### Introduction

Filter is a circuit which is used to filter the signals that is it will pass only required signals and avoid unwanted signals. Generally filters are designed by either passive components or active components.

Passive components are resistors, inductors and capacitors.

Active components are transistors, FETs and Op-amps.

Low Pass Filter is a filter which will pass only low frequency signals and attenuate high frequency signals. It allows signals only from 0Hz to cut off frequency ‘fc’. This cut off frequency value will depends on the value of the components used in the circuit. Generally these filters are preferable below 100 kHz. The cut off frequency is also called as break frequency or turn over frequency.

### Passive Low Pass Filter

The Low Pass Filter circuit which is designed by passive components is referred as passive low pass filter.

The RC Low Pass Filter is shown below

Simply by connecting resistor ‘R’ in series with a capacitor ‘C’ gives RC Low Pass Filter. It can just refer as Low Pass Filter (LPF). Resistor is independent to the variations of the applied frequencies in the circuit but capacitor is a sensitive component that means which responds to the changes in the circuit.

Since it has only one reactive component this circuit can also termed as ‘one pole filter’ or ‘First order filter’. The input voltage ‘Vin’ is applied to whole series loop and the output voltage is taken only across the capacitor.

Since capacitor is a sensitive component the main concentration to be observed is about “capacitive reactance”. Capacitive reactance is the opposition response created due to the capacitor in the circuit.

In order to maintain the capacitance of the capacitor, the capacitor will oppose a small amount of current flow in the circuit. This opposition to the current flow in the circuit is called impedance. Thus the capacitive reactance decreases with increase of opposing current.

By this we can say that the capacitive reactance is inversely proportional to the frequency applied to the circuit. The resistive value of the resistor is stable whereas the capacitive reactance value varies. The voltage drop across the capacitor is very less when compared with the voltage potential of the capacitor.

This means at low frequencies the voltage drop is small and the voltage potential is large but at high frequencies the voltage drop is very high and the voltage potential is less. By this phenomenon we can say that the above circuit can acts as a ‘frequency variable voltage divider’ circuit.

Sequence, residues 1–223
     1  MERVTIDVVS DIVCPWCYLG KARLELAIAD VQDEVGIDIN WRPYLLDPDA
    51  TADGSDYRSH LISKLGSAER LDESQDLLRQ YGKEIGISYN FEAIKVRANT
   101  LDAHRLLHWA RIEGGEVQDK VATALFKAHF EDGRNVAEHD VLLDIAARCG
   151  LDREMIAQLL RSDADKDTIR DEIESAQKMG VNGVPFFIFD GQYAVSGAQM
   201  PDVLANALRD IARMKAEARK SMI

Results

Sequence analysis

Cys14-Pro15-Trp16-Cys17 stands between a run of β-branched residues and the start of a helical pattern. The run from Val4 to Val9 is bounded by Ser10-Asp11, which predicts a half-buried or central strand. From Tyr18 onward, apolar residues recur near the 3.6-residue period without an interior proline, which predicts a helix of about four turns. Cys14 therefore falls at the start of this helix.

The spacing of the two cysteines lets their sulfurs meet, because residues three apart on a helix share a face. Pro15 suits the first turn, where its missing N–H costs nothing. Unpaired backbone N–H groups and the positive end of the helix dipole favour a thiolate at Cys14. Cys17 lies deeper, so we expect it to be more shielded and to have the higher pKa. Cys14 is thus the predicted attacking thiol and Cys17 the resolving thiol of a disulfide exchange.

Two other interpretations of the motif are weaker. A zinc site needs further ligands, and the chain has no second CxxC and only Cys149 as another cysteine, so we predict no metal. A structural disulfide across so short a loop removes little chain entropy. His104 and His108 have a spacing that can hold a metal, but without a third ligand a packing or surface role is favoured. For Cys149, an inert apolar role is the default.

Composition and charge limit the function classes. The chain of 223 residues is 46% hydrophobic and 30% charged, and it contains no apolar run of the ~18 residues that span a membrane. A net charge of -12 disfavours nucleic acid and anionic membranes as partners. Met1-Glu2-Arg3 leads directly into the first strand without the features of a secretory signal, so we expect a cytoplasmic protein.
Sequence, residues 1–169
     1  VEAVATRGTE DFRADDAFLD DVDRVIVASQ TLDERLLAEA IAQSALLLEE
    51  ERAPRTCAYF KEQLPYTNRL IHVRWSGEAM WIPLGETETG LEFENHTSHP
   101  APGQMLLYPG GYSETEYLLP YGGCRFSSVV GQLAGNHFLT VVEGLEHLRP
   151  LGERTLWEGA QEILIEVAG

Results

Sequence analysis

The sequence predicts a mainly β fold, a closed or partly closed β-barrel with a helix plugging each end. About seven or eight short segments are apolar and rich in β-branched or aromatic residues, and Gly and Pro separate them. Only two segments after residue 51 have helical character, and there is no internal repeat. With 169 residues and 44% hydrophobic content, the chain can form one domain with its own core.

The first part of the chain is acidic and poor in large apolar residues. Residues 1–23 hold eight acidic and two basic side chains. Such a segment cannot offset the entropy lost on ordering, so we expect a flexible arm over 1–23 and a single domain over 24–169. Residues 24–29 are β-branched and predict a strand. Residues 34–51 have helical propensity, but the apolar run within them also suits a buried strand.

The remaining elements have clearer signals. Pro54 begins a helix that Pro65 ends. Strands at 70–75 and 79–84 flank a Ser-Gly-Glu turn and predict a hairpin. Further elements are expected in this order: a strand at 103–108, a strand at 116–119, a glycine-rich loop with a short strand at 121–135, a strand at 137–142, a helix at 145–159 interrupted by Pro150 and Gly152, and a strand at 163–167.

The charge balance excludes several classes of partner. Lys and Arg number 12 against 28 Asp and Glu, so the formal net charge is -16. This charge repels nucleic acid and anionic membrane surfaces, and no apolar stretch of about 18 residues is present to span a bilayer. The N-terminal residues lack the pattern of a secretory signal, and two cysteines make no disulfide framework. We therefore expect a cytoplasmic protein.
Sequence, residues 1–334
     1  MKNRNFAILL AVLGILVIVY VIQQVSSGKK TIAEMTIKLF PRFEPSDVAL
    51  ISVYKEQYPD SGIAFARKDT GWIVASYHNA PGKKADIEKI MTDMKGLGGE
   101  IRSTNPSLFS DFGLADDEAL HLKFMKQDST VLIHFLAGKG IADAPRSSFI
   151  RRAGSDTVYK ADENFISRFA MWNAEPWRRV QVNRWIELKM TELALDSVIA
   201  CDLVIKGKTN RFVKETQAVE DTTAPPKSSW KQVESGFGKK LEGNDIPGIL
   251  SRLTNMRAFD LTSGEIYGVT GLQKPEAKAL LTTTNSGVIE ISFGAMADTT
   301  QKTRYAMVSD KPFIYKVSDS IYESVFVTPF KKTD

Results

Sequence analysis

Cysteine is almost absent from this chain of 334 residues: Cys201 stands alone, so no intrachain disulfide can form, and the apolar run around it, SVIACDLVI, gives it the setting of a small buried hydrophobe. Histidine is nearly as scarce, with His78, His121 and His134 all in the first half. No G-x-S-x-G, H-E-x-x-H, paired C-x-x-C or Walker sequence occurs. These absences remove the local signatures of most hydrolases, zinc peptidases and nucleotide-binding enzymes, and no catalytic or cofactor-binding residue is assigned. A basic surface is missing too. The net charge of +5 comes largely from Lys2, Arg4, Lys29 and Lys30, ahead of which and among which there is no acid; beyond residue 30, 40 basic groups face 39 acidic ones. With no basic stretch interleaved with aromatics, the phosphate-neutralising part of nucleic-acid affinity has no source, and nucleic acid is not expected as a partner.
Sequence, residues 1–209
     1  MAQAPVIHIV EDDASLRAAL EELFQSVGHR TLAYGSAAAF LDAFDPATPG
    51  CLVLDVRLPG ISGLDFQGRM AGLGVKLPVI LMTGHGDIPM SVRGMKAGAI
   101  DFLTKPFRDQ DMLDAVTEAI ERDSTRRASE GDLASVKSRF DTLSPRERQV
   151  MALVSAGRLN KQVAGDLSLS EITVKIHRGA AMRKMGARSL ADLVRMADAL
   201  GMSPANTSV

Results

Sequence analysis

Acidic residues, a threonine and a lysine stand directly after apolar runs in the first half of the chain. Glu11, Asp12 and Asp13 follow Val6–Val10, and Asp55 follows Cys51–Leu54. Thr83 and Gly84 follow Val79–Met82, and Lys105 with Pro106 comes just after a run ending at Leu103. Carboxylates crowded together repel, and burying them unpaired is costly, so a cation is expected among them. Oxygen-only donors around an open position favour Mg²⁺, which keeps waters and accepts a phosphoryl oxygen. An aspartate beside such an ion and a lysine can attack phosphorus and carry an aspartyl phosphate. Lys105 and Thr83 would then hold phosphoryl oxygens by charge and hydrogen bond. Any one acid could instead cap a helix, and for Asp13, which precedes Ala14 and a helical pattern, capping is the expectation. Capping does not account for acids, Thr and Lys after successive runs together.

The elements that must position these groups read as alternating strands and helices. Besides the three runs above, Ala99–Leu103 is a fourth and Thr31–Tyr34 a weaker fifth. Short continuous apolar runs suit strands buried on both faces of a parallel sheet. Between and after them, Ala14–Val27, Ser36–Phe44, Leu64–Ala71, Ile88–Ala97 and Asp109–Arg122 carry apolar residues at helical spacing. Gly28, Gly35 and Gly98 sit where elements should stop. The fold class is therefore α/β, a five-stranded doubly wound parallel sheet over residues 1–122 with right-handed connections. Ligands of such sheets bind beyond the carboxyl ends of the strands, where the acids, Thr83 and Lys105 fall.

The capacitive reactance can be formulated as follows:

### Output voltage calculation

In order to get the potential divider equation we have to consider impedance, capacitive reactance, input voltage and output voltage. By using these terms we can formulate the equation for RC potential divider equation as follows

By using this equation we can calculate the value of the output at any applied frequency.

### Low Pass Filter Example

Let us examine these output voltage values and capacitive reactance values by considering the resistor and capacitor values. Let the value of the resistor R is 4.7kΩ and capacitor value as 47nF. The input A.C voltage supplied is 10V. The frequency values for which we are going to calculate are at 1 kHz and 10 kHz.

By this we can say clearly that when frequency increases the capacitive reactance decreases. Not only the capacitive reactance but also the output voltage decreases. From the above example it is observed that the capacitive reactance is decreased from 3386.27 ohms to 338.62 ohms, whereas the output voltage decreased from 5.84 volts to 0.718 volts with the increase of the frequency from 1 kHz to 10 kHz.

### Frequency Response of Low pass filter

From the introduction to filters we already saw that the magnitude |H(jω)| of the filter is taken as the gain of the circuit. This gain is measured as 20 log (V_{out} / V_{in}) and for any RC circuit the angle of the slope ‘roll-off ‘ is at -20 dB/ decade is same.

The band of frequencies below the cut off region is referred as ‘Pass Band’ and the band of frequencies after the cut off frequency are referred as ‘Stop Band’. From the plot it can be observed that the pass band is the Bandwidth of the filter.